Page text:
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Women's earnings in the civil service are a third lower than men's

David Woods , 13 Aug 2009

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Women in the civil service are paid on average almost 30% less than male colleagues, according to the Liberal Democrats.

According to figures revealed in the Office for National Statistics' civil service employment report, in the Attorney General's Departments women earn 28% less than men, in the Treasury their earnings are on average 27% lower and in the Department for International Development the figure is 20%.

Across the civil service the median pay gap between men and women comes in at 15.3% - but in the department for Innovation, Universities and Skills this rises to 25%.

Women make up 29% of full-time civil service staff and the Liberal Democrats are pushing for pay audits so women can compare their salary with male colleagues and demanding ‘no name' application forms to prevent unconscious discrimination.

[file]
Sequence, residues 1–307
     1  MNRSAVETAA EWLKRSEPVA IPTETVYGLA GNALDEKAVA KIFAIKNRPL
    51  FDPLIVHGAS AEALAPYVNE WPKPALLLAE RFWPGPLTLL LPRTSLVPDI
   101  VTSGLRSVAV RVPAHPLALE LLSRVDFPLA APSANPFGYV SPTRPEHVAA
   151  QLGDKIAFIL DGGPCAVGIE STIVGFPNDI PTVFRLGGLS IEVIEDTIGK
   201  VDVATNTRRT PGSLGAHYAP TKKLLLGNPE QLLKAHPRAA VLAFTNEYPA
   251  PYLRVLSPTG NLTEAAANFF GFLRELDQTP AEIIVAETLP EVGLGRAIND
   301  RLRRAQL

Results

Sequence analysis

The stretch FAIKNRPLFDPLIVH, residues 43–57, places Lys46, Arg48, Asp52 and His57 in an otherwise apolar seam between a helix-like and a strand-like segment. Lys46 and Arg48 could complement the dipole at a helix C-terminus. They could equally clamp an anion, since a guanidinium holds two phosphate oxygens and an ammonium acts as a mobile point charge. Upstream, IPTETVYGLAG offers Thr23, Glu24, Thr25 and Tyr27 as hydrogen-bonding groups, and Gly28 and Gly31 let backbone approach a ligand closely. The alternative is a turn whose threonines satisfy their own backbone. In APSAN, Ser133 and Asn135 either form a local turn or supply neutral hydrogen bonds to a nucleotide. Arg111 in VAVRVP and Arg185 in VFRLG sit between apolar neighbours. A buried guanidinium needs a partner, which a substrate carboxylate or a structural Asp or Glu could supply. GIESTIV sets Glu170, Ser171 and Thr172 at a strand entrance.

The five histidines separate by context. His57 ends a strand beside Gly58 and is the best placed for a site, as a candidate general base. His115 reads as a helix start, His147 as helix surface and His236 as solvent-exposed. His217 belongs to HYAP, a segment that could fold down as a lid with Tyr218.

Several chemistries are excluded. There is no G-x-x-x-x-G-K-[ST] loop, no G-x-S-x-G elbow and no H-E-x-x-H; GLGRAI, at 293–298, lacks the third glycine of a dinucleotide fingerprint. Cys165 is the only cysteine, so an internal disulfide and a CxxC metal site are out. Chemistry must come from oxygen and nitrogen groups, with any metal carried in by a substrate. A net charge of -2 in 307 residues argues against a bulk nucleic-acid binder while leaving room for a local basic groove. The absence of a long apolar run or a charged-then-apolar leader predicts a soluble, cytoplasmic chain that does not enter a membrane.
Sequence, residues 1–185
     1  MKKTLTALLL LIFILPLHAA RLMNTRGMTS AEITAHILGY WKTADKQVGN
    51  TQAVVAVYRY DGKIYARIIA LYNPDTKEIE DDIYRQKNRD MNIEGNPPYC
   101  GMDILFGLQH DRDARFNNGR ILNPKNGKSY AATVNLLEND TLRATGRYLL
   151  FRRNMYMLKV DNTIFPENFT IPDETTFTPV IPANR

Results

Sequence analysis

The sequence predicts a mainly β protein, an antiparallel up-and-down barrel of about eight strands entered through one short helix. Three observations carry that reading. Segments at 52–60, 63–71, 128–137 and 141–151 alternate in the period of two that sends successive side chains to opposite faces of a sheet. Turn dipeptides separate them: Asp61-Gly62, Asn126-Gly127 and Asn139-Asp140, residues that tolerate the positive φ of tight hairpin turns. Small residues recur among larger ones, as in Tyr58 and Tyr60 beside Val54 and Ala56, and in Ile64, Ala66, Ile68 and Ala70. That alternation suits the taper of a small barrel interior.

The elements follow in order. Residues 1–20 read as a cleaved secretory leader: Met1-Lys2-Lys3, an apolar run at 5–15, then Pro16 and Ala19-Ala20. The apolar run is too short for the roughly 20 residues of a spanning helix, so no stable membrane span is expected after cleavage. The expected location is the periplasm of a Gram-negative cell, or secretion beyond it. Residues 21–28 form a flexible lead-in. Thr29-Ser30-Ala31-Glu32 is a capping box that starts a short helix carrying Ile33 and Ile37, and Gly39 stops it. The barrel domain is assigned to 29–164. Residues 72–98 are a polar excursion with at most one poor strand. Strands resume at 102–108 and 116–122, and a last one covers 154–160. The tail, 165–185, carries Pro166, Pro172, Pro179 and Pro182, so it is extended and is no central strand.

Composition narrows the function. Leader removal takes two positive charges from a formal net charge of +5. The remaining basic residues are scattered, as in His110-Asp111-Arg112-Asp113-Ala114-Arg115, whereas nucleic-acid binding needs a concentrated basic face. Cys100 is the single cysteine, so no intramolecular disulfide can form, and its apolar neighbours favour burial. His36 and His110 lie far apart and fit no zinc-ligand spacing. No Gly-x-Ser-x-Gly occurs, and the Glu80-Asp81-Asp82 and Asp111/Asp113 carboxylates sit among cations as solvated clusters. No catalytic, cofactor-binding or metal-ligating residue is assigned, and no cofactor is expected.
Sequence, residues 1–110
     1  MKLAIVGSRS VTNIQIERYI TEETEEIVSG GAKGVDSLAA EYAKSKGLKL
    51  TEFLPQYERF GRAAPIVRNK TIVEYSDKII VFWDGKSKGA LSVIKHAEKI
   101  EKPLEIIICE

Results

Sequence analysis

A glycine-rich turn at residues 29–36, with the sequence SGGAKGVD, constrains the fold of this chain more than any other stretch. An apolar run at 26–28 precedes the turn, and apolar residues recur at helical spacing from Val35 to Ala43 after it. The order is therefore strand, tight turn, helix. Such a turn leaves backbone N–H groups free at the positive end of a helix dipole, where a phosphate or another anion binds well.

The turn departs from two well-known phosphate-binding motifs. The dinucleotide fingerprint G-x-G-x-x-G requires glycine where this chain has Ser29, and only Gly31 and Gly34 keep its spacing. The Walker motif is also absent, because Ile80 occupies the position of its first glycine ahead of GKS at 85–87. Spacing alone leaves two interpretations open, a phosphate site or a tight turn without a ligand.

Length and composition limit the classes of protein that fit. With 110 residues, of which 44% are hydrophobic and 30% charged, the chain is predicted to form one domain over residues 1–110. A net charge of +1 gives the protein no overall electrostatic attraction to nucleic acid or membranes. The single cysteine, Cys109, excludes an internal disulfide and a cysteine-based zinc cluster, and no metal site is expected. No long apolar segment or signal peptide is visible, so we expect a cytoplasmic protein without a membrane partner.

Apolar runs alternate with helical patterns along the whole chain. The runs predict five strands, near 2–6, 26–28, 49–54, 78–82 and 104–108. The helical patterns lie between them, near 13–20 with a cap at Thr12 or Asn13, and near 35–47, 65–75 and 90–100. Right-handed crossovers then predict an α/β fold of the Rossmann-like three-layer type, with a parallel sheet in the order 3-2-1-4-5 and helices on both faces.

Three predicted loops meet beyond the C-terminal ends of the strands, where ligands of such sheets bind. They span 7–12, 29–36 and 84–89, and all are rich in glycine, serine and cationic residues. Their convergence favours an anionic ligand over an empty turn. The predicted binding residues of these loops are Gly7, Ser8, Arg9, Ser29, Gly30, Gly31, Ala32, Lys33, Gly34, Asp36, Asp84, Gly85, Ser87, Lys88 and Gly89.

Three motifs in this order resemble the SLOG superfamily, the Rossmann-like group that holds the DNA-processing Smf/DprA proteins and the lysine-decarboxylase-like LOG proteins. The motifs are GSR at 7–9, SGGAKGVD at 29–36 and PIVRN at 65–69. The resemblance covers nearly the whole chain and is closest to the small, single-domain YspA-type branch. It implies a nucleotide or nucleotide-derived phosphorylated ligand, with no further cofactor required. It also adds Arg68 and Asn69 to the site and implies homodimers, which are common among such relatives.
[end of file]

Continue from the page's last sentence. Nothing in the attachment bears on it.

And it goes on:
Liberal Democrat Equalities spokeswoman Lynne Featherstone (pictured) said: "Forty years on from the Equal Pay Act the Government still has not put its house in order.

"Women should not be made to wait another 40 years before they are paid equally. Companies should publish pay audits so discrimination against women in the workplace will finally be stopped."

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